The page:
Anne M. Jorgensen, RNC, MS, NNP, is a neonatal nurse practitioner at Good Samaritan Hospital in Suffern, NY. She is also a clinical instructor at Columbia University School of Nursing in New York and a DNP student at Case Western Reserve University in Cleveland, OH. The author reports no conflicts of interest or financial relationships relevant to this article.
Late Preterm Birth: A Rising Trend: Part One of a Two-Part Series
Article first published online: 18 AUG 2008
© 2008, AWHONN
Nursing for Women's Health
Volume 12, Issue 4, pages 308–315, August/September 2008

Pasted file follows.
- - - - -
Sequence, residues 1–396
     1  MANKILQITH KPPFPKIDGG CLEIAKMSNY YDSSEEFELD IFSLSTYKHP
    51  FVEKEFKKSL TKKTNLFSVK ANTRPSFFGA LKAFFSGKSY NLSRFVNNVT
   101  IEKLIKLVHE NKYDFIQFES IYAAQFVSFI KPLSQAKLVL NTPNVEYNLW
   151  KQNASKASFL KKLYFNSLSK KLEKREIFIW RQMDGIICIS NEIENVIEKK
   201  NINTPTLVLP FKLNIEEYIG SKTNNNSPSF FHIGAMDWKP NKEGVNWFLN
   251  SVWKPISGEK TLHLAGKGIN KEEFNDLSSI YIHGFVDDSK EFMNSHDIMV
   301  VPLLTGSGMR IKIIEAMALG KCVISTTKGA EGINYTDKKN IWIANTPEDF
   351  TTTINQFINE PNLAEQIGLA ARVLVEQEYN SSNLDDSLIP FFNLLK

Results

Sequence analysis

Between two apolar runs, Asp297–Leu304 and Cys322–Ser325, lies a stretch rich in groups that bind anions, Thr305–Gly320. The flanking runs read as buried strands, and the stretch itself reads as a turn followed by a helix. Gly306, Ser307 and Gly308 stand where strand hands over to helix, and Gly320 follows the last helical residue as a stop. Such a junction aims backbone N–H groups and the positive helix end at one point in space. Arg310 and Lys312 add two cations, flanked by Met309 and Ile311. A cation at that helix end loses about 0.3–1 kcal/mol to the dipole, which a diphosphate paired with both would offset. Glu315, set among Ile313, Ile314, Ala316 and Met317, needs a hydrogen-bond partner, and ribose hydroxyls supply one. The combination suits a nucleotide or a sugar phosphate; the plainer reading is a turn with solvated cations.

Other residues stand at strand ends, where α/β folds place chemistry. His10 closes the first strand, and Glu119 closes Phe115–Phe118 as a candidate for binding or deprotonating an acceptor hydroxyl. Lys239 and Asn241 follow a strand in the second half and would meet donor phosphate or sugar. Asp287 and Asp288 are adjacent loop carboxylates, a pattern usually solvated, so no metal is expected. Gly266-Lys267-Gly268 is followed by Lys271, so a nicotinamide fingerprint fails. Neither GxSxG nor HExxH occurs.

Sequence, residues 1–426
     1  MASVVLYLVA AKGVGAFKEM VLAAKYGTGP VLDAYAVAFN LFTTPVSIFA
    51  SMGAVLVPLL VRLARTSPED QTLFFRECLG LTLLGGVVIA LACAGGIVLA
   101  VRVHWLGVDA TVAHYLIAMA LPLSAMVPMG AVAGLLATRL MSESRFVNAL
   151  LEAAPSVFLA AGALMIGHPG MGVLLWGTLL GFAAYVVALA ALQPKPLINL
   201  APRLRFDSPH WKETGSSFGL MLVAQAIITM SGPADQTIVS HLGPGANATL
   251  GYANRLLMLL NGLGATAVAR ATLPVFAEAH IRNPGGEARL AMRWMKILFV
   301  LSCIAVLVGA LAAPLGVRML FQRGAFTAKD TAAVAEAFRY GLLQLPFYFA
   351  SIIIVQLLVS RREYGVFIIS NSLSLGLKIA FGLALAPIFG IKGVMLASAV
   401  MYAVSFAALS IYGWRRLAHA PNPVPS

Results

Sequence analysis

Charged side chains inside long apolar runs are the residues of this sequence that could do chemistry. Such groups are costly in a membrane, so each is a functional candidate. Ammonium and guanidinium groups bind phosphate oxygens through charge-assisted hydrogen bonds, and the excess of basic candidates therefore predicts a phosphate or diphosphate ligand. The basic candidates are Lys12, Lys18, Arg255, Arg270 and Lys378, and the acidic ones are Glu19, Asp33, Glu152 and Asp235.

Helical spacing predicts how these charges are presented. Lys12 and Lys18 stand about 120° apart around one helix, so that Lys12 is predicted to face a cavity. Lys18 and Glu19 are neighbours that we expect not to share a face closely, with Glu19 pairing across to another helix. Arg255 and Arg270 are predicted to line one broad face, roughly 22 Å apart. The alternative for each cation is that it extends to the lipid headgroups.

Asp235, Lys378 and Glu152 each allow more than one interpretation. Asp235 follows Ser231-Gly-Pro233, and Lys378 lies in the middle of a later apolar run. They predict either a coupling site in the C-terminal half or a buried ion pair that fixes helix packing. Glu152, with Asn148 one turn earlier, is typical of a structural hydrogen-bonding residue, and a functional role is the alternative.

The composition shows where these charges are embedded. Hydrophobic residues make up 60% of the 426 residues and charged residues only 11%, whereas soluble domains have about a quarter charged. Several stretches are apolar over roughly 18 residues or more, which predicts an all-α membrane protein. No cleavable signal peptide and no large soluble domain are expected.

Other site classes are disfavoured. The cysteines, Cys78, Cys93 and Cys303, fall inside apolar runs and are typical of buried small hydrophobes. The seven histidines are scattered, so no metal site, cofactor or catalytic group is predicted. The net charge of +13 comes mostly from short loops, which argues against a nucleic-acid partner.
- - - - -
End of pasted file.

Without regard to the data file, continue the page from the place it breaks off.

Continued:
How to Cite
Jorgensen, A. M. (2008), Late Preterm Birth: A Rising Trend: Part One of a Two-Part Series. Nursing for Women's Health, 12: 308–315. doi: 10.1111/j.1751-486X.2008.00352.x
- Issue published online: 18 AUG 2008
- Article first published online: 18 AUG 2008
- 1Identify and classify infants born between 34 and 36 6/7 completed weeks gestation as late preterm.
- 2Identify the factors contributing to the rise in the late preterm birth rate in the United States.
- 3Integrate knowledge of the factors that are contributing to increasing the late preterm birth rate when evaluating and caring for mothers and late preterm infants.
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